Last week father was hospitalized for a carbuncle surgery. Until last week, I had never heard of carbuncle before. A carbuncle is a red painful cluster of boils that are connected to each other under the skin. Dad’s carbuncle was the size of a palm located on his spine. The doctor said that management of the carbuncle by antibiotic was no longer good enough. Dad required surgery to clean the carbuncle and remove the pus and abscess. Only then will the wound start to heal.
Though the carbuncle surgery was simple by itself and did not pose any complication, the general anesthesia (GA) that is required for the operation made the operation risky for him because of his age. There was a risk that he may not wake up from the GA.
We had no choice but to sign the consent sign despite knowing the risk because not doing the surgery was not an option since there was a risk of sepsis (blood poisoning should the infection spread to the blood stream) which is a life threatening medical condition.
On the day of the operation we gathered at the waiting room as dad was wheeled into the operating theater to get him ready for the surgery. However after about an hour a doctor came out to inform us that the surgery could not be done. The reason was because while preparing him for the surgery, they discovered that dad had a total heart block. So we went back to the ward and waited all day and the next for the cardiologist to come and explain to us what that meant.
The cardiologist explained that a total heart block meant that there is a problem with the heart’s electrical pulses which causes the heart to beat more slowly. Dad’s heart rate is around 40 beats per minute. Wikipedia defines heart block as follows “A heart block is a disease in the electrical system of the heart. This is opposed to coronary artery disease, which is disease of the blood vessels of the heart.” The doctor likened this to a house with water and electricity supply and it is the electricity supply that is disrupted, not the water.
That is why they could not do the surgery by GA as it may cause the heart to stop beating altogether. The cardiologist consulted with the team in charge of the carbuncle surgery to discuss whether doing the carbuncle surgery using local anesthesia was possible but it was ruled out. So a temporary pace maker was suggested. The cardiologist was however concerned that the pacemaker wires would get dislodged and therefore fail to do the task it was meant to do when dad was turned around for the surgery since the carbuncle was on his back. He expressed this to the other team of doctors who said that dad would be turned on the side.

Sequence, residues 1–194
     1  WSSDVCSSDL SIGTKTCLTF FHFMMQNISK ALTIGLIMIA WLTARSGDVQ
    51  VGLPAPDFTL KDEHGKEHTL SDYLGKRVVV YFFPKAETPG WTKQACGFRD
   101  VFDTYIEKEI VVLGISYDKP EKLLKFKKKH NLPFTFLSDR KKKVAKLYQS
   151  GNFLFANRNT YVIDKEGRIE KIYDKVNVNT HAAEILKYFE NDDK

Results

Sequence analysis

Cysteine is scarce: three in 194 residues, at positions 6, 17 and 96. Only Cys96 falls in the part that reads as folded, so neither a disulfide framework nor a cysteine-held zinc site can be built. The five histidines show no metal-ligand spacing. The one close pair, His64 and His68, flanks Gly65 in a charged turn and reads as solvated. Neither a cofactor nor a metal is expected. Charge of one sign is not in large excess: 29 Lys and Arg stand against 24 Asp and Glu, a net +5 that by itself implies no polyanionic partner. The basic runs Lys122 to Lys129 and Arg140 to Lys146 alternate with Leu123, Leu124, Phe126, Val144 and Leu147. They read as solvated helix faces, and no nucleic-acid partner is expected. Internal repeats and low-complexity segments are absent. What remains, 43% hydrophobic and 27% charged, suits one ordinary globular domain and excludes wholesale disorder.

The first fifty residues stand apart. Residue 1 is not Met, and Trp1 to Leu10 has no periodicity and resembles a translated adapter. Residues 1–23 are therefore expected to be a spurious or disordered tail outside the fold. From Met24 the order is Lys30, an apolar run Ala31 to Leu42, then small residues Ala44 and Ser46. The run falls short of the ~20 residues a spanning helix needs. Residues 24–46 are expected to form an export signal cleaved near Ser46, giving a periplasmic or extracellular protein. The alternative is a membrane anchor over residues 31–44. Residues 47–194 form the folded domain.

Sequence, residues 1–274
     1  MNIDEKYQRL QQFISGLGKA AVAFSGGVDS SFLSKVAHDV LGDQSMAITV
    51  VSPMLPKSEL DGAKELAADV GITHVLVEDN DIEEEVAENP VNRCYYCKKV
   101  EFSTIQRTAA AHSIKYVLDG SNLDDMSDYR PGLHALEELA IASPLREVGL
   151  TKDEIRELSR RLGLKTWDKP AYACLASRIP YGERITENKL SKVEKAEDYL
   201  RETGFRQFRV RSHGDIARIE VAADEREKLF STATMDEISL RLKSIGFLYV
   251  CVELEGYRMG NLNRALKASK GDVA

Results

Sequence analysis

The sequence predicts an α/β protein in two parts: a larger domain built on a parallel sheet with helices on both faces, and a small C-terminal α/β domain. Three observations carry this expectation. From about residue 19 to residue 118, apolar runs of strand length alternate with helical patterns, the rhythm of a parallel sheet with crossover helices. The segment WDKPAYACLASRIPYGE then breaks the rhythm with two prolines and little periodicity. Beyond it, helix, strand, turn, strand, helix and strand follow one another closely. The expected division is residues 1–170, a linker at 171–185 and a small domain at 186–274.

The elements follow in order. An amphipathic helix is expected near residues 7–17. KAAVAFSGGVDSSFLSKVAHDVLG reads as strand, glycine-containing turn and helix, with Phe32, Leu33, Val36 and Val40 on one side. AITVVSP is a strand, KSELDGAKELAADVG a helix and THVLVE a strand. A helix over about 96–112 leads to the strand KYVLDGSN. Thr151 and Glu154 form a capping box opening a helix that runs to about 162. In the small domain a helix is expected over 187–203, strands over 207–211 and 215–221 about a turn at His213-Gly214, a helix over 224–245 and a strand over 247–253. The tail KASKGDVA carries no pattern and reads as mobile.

Why a temporary pace maker? About two years ago, a doctor raised the possibility of having a permanent pace maker installed when dad’s slow heart rate was discovered. However, we were told that having one installed would not be of benefit to him. The reason is because dad is bed ridden. To a person who is walking about doing normal activities, having a permanent pacer would be beneficial because even standing up may cause dizziness due to the slow heart rate. However, dad is mostly either sitting or lying down. Having the pacer installed may require extra care and management and we were informed that in that sense it may not be of much benefit to him.
So, dad was installed with a temporary pacemaker for the operation. This procedure took about 15 minutes after which dad was wheeled back to the ward to wait for the carbuncle surgery. During that wait, dad was not supposed to move his right leg at all in case the wires get dislodged. (His left leg and hand is paralyzed from a previous stroke)
Apart from the fear of the wires getting dislodged, there was a risk that once the temporary pace maker was removed, the heart would “throw a tantrum” and the heart rate would slow down even more because the heart has gotten used to the newer rate as set by the pacer and the longer the temp pacemaker is in place, the higher this risk.
Eventually, dad had the carbuncle surgery and the temporary pace maker was removed. Dad had trouble passing urine after the surgery so a catheter had to be put in place. This was in addition to the stoma (a surgically created opening on the abdomen which allows stool to exit the body), the fresh wound from the carbuncle surgery and the removal site of the temporary pacemaker plus the many injections dad had to receive antibiotics intravenously. Dad was in a lot of pain. Poor dad.
Dad vomited a few times of the second day after the surgery, he also had a fever. Thankfully, the fever cleared and the vomiting went away and dad was discharged. The doctors said we have to manage the wound dressing for the carbuncle surgery site ourselves because allowing him to stay on in hospital increases the risk of infection for the elderly and those with low immunity. The wound would have to be dressed daily for 6 months and hopefully it heals nicely without any infection.
Dad is now back in 2nd sister’s house where he stays. We have engaged a professional nurse to do the daily dressing for the time being. Thank you God for keeping dad safe. Thank you to all the doctors and nurses who attended to dad during his hospital stay. Thank you to sister in law who took turns to look after dad too. Thank you to all those who prayed for dad’s well being.
What a week it has been. Fortunately the kids were on a one week school break so I could take my turn to sit with dad at the hospital.
We are glad that dad has gotten through the surgery which was a high risk surgery for him due to his age and because of the complications of the heart and the GA and temporary pacemaker in place. On another brighter note, it has been a while now that dad seems much better mentally. It appears as though he has recovered a lot from his stroke related dementia and is able to converse with and recognize us most of the time now.